The left eye of darkness.
What They Say:
Haruka Ozawa’s sophomore year is getting seriously scary. One of her friends is possessed, another has committed suicide, and Haruka could be next. She has a real talent for digging up secrets, but some killers won’t hesitate to kill again to keep those same secrets safely buried. So, how does Haruka get out of this potentially lethal dead end?
She’ll have to convince Yakumo Saito, an enigmatic student born with a mysterious red eye that allows him to see and communicate with the dead, to team up with her. Will Haruka be able to solve the ultimate in dead case files with Yakumo’s help? Or will they end up in cold storage themselves?
The only language track available was Japanese DTS-HD 2.0. English subtitles are provided for non-Japanese speakers. As far as the quality of the audio goes, I think it was fine, but whenever I watch a sub-only title, I tend to focus more on what I’m seeing than what I’m hearing. Those with better ears or the ability to split their concentration may find fault, but I think it’s fine.
Each episode is encoded in 1080p High Definition in 16×9 aspect ratio. The animation is crisp and clear with no discernable issues.
The front cover features the eponymous Yakumo and his friend and co-protagonist, Haruka Ozawa standing in the college club room Yakumo appropriated under false pretenses. The spine also features Yakumo and Ozawa, this time as bookends to the title. The back follows the standard format with the story synopsis taking up the majority of real estate. It’s flanked by various characters from the show and screenshots. Beneath it lies the cast and crew credits and DVD specifications.
The menu follows the same basic design for 99% of animes on the shelf right now. A picture featuring the lead characters takes up the majority of screen real estate while an episode list pokes in from the righthand side. The series’ main title plays in full once and then the menu goes silent. As far as menus go, it’s perfectly serviceable, if uninspired.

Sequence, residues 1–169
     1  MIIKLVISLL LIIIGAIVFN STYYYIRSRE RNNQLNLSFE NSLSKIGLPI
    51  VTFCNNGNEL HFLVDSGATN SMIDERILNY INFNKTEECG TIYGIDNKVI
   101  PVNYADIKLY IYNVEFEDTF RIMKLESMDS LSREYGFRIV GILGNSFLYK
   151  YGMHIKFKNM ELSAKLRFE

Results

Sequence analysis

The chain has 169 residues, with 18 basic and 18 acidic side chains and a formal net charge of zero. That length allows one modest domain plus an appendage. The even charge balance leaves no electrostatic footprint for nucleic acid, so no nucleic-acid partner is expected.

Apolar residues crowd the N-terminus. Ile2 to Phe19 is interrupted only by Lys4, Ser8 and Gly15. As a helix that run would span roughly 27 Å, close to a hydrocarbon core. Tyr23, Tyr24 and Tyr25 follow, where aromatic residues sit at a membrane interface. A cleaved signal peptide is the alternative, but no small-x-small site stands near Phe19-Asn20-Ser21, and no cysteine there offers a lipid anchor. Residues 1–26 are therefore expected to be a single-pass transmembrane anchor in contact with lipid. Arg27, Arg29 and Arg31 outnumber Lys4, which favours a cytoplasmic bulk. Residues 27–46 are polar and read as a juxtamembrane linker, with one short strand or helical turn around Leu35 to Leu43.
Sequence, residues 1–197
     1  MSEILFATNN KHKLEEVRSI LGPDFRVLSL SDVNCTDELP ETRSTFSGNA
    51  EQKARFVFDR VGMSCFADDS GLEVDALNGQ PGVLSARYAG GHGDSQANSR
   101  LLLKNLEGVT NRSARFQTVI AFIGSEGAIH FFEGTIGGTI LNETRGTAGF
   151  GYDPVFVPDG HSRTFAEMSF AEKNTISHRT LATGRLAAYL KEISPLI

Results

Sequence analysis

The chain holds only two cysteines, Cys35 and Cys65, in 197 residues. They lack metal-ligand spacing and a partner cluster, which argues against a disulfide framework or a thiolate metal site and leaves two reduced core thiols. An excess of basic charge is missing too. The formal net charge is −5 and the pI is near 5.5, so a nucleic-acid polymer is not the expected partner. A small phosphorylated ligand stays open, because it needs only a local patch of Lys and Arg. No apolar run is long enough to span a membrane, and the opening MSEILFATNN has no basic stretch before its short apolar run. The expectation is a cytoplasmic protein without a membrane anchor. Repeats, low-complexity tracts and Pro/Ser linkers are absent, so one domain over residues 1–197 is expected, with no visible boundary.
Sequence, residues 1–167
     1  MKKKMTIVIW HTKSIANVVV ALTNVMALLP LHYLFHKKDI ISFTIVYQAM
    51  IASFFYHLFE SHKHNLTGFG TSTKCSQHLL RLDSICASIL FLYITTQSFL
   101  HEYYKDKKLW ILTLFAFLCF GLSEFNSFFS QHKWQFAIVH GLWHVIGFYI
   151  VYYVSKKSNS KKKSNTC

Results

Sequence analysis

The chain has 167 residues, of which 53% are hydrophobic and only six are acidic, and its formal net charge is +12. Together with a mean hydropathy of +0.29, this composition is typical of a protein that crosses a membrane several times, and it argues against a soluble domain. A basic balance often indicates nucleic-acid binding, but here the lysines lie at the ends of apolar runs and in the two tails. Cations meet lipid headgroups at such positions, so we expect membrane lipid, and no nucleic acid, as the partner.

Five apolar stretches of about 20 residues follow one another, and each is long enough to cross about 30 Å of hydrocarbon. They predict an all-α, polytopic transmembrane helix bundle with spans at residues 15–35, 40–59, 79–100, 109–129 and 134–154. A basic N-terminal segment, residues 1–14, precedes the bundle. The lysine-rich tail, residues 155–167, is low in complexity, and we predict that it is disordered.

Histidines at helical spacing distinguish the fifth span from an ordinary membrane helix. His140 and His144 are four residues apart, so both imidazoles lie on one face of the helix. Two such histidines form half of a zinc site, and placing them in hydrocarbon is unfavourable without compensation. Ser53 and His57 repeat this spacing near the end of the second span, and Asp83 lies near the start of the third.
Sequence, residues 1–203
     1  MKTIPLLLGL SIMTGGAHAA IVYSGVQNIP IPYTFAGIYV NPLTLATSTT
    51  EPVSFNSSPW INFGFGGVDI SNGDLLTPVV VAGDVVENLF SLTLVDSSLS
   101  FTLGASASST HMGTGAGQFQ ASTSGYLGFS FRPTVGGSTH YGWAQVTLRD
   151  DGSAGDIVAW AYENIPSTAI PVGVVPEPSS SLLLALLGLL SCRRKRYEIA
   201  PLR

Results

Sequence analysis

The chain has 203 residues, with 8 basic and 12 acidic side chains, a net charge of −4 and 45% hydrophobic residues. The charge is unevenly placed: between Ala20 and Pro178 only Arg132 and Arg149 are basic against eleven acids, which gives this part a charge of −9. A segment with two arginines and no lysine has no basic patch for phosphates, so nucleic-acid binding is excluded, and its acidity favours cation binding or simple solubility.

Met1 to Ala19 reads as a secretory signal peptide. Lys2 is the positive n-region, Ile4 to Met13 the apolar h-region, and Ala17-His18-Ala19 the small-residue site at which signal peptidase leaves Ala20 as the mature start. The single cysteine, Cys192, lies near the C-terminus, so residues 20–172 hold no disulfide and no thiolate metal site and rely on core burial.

The Blu-Ray comes with the standard clean openings and closings and trailers.
Content: (please note that content portions of a review may contain spoilers)
Yakumo Saito carries a heavy past and a heavy burden. Born with heterochromia, Yakumo’s right eye is green, and his left eye is red. It’s this red eye that serves as the cause of all his burdens. With it he can see spirits, and he uses this gift—sarcastically, grouchily—to help them move on to the next world. Haunted by the tragedies of his past, Yakumo closes himself off from the rest of the world, interacting only begrudgingly with other people. His life changes when Haruka Ozawa enters his world.
Haruka comes to Yakumo because she heard of his psychic abilities. Her friends went playing in an abandoned house and her friend, Miki, became possessed. She hopes that Yakumo can exercise the spirit, but he explains that that’s not what he does. He simply talks and listens to them.
The two form an uneasy friendship. Although both are mutually attracted to the other, Yakumo’s guarded attitude makes it difficult for her to get in or for him to drop his defenses. Together, the two solve mysteries around their city and soon become enmeshed in a larger mystery related to Yakumo’s parentage and a murder case many years ago.
While the mystery is quite satisfying and engaging, what makes Psychic Detective Yakumo work is the quality of the supporting cast. Along with Yakumo and Haruka, we get Gotou, a middle-aged detective and grouch who often solicits Yakumo’s help with cases; Yuutarou Ishii, Gotou’s second and fan of the supernatural (until he actually encounters it, that is); Makoto Hijikata, a reporter whose investigations lead her deeper and deeper into Yakumo’s world; and Nao and Isshin Saito, Yakumo’s cousin and uncle, respectively. Each character offers something rich to the story and help Yakumo along in his character arc.